Kamayura Village, Brazil, 2008. Traces of the distant past of human affairs have survived into the 21st Century but are endangered, such as the Kamayura indians. (Shutterstock)

Seen in the round our population multiplication (tenfold since 1800, to almost 8 billion in 2019) crossed with this level of fossil extraction and consumption, represents a leap forwards but also a leap into the dark. Christian is politic in his use of language but notes still that we have decisively crossed the ‘danger’ threshold for both safe climate and healthy biodiversity. It is a leap into the very dark, over a cliff.

In a concluding chapter Fernández-Armesto ruefully picks up the pieces and offers pessimism as one legitimate response. In his recent interview at the AHA, the matter came up more explicitly: what are we to do with a US President hellbent on accelerating environmental degradation? Felipe simply said that viewed from the perspective taken by this book, one President is a pinprick. Yes, he added, of course we should all be doing what we can to correct our profligate ways. But balance that with the immensities of nature and climate over 4 billion years. We have the capacity as a self-endangering species to wreck everything, at least for ourselves, but he also says that it is ‘one of the most deplorable features of human arrogance to think that we can destroy the environment.’ We can’t do that. It would take millennia to stabilise the climate after humans had left the scene, after the end of the Anthropocene, but that’s very different from equating our own folly with the end of life itself.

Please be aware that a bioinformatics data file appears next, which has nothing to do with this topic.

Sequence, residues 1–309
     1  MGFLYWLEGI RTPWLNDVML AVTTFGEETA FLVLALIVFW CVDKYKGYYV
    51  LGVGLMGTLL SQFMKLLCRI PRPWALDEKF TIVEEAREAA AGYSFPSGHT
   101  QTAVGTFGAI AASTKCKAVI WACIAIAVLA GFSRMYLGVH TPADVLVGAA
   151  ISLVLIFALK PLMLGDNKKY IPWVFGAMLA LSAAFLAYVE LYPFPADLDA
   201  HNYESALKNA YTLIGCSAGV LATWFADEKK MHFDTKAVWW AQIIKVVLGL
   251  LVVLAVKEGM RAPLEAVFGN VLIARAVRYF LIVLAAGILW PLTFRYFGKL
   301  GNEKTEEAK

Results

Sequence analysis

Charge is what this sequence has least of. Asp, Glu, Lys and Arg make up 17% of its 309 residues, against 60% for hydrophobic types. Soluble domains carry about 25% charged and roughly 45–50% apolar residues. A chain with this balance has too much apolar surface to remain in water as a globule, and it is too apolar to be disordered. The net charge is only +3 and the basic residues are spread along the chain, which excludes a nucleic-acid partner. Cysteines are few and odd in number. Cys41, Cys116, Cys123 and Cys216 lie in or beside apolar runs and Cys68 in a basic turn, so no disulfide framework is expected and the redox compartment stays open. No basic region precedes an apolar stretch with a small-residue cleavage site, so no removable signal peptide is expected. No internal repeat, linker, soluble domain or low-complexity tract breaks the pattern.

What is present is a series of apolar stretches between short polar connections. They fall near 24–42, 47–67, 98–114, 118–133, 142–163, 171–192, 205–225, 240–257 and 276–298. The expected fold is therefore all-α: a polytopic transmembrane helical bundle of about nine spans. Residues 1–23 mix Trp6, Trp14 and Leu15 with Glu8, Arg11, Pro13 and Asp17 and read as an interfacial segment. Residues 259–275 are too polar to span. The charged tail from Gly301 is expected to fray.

All image credits: Shutterstock.

The Oxford Illustrated History of the World was published on January 10th, 2019 by Oxford University Press. 9780198752905. Hardback. £30.

Felipe Fernández-Armesto was an undergraduate and graduate student at Oxford (Demy of Magdalen College, Senior Scholar of St John´s, Fellow of St Antony´s) where he was a member of the Modern History Faculty before moving to chairs in the University of London (Professor of Global Environmental History at Queen Mary College), Tufts University (Prince of Asturias Professor), and the University of Notre Dame, where he holds the William P. Reynolds Chair for Mission in Arts and Letters. His work has been translated into 27 languages and he has been awarded (among numerous other distinctions) with the Gran Cruz de la Orden de Alfonso X el Sabio, Spain’s highest award for services to education and the arts.

Add new comment